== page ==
Politics, finger pointing, job scarcity, global economic worries, domestic worries – the problems are many. President Obama says Congress needs to sign more bills into law.
The Republicans say the Obama Administration is out of touch and the recently passed Supreme Court ruling on the health care bill is the final nail in the proverbial coffin. It’s confusing, frustrating and is causing a divide in this country that this generation has never seen before. Tax the wealthy, make big business pay more, cut unemployment: it never stops.
While we might not can “knock heads” in DC, there are things we can do in our own households. Making strong financial decisions is a proactive approach to offsetting the nonsense that’s going on around us. So, with that in mind, we explored some of the most common mistakes people make with their finances. From opening a new credit card account to transfer a past due balance on another card to tackling confusing tax codes, we all have our “ut oh” moments.
Even if you do beat the odds a few times, sooner or later, a check is bound to hit your bank before you’ve had a chance to make that deposit. NSF fees are expensive – sometimes $50 or more. Then, after you’ve settled the fees with the bank, you might still face fees from whomever the check is made out to. It’s a huge risk many Americans take on a daily basis, but that one gamble can potentially affect you anytime you open a new bank account in the future.
I’ll Cross that Bridge Later
How many times have we caught ourselves thinking “one crisis at a time”? Retirement is important, but when you’re thirty years old and facing financial difficulties, it’s easy to think,
I’ll stop contributing for a few months and then make it up later. I have plenty of time.
Most employers are matching contributions and if you stop contributing, your employer will too. It’s money tossed away when you think about it. The fact is, you won’t find any financial counselor worth his salt who will encourage you to push it aside for any period of time.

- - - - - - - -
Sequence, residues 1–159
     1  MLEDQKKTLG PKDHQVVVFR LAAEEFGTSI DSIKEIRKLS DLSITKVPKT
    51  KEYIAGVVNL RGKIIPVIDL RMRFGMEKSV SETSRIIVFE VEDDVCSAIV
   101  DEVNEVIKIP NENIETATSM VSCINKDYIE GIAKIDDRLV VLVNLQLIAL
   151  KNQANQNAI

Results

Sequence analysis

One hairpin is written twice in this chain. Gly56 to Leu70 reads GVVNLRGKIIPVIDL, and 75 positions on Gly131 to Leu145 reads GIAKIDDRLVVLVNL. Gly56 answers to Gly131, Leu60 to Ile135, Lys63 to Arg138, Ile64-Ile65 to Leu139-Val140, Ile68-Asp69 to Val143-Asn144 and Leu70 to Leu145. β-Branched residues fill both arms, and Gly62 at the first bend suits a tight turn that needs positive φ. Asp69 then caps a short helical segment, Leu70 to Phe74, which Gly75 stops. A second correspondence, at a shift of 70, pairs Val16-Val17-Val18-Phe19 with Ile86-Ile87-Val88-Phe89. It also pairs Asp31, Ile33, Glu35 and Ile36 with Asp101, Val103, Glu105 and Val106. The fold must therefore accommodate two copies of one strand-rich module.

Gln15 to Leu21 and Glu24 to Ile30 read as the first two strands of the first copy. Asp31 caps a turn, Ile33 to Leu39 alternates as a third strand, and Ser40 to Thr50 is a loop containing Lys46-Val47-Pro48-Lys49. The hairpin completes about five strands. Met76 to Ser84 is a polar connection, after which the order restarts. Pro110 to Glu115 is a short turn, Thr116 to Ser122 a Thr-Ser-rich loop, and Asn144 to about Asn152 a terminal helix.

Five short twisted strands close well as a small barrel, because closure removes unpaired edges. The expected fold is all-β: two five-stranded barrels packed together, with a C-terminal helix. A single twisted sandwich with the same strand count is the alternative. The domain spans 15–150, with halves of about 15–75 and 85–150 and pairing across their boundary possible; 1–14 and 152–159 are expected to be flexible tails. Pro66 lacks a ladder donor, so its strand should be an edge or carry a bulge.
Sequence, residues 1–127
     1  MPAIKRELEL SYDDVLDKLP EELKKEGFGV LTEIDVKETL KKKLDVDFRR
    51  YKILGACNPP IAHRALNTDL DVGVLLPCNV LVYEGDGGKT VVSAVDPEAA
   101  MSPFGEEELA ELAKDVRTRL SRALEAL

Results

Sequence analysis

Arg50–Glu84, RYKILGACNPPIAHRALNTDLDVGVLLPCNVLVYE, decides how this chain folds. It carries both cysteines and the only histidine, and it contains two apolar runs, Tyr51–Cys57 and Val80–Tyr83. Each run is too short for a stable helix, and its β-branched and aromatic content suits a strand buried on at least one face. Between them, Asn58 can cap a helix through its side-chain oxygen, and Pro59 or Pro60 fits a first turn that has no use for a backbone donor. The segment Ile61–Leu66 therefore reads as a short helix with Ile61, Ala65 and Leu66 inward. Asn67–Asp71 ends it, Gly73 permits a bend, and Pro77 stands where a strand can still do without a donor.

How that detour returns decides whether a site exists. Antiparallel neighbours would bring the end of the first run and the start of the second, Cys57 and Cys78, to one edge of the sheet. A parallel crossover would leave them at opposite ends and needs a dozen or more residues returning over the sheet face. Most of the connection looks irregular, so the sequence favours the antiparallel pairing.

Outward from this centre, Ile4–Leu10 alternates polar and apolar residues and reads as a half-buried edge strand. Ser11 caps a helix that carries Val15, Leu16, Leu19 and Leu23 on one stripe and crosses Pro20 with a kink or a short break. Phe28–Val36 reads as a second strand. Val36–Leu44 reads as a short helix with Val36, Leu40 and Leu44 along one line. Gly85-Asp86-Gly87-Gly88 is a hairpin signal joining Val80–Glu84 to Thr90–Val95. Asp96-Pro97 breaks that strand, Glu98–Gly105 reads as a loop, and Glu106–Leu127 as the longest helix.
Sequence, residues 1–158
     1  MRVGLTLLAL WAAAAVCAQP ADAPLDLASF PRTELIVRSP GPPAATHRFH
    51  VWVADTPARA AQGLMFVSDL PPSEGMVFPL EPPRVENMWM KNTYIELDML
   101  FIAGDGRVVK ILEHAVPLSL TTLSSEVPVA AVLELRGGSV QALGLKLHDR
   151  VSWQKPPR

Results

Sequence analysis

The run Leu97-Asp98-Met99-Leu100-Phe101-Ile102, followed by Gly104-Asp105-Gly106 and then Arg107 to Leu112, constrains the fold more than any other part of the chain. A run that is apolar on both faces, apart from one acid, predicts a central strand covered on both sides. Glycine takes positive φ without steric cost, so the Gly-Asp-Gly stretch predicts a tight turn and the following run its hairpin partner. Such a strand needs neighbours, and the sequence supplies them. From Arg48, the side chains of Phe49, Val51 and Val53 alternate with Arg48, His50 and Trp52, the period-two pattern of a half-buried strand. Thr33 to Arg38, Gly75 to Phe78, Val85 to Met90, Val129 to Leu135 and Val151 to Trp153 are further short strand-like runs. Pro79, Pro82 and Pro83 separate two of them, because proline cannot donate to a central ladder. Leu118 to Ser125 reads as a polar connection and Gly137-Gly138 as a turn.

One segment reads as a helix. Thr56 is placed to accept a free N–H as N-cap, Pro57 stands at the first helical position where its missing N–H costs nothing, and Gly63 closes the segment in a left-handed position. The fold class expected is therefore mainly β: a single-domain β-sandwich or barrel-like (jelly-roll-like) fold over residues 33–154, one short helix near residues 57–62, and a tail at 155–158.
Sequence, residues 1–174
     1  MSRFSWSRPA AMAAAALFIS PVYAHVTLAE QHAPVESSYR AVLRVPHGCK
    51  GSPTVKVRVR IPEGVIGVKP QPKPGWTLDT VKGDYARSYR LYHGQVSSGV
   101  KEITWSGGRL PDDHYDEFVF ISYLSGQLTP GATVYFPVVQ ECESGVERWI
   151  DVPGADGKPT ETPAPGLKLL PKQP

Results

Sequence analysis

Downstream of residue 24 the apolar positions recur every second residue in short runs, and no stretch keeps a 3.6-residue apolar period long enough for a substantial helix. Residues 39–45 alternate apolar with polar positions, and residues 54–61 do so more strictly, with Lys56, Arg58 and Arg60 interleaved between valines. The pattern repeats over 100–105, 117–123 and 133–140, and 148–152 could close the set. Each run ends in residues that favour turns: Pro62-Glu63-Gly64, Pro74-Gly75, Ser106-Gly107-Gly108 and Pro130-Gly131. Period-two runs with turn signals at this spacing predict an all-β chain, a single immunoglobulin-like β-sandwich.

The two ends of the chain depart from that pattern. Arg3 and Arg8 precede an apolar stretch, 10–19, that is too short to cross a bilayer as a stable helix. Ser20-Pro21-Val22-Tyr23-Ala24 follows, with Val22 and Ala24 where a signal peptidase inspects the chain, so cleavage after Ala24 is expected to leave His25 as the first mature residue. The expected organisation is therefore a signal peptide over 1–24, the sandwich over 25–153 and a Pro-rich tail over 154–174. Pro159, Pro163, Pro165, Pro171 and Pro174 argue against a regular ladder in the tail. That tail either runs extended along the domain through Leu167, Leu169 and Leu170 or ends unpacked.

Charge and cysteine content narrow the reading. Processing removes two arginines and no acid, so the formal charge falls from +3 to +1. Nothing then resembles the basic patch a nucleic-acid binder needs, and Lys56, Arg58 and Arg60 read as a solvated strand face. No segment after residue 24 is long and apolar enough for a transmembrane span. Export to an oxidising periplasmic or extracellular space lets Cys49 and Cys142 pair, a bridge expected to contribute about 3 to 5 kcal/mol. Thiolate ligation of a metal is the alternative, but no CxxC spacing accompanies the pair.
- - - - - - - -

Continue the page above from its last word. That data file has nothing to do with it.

What you might be encouraged to do, though, is seeing what your 401k can do for you in the here and now. For instance, did you know you might be able to take out a loan against your retirement fund? You’ll need to check with your employer since no two plans are ever the same. It might be a viable option that will allow you to continue adding to your fund while also providing access today for what’s referred to as a hardship need.
Everyone knows the little old lady in the neighborhood who buys toothpaste by the cases because it’s such a great deal. Only problem is, this little old lady has had dentures since Kennedy was in office. Buying it bulk is only good when it’s actually used. We’ve all seen those extreme couponers on television. These folks stock entire rooms with hundreds of toothbrushes and fabric softener – and for what?
It goes bad or it never gets used. While they’re saving big bucks in the process, they’re also having to line everything up perfectly so that they can time their arrival at their local grocery stores in order to get the 15 cases of toothpicks when the truck arrives. Then they must store it. And then they must throw it out after it’s past the expiration date. It defeats the purpose. If you do come across great coupon deals, consider donating to your local food bank or domestic abuse shelter.
Tax Man Cometh
Not quite sure how to calculate how much interest you’re paying on your credit cards? If so, you might be better off leaving it to the professionals – especially when it comes to your yearly tax returns. The few dollars you saving by “winging it” can result in hefty fees later on. This is one expense that’s definitely encouraged. And before you assume the software will accurately calculate your returns, think again. There is plenty of room for glitches and human error and one wrong number can have a domino effect on your tax returns.
Debt consolidation is a fantastic way for some to pull their monthly obligations into a single monthly payment. Before you apply for that credit card with a zero percent intro for balance transfers, do your research to ensure moving your balances to that one card won’t cost you in the long run. Double check the rates after the intro period has expired.
Again, it’s a powerful tool for some, but it’s also easy to make a costly financial mistake too. Give it some strong consideration. Remember, a few hours spent on due diligence can have you hundreds or thousands in interest charges. Don’t let your worries override your common sense.
- FTC Warns of Prepaid Card Scams – May 23, 2013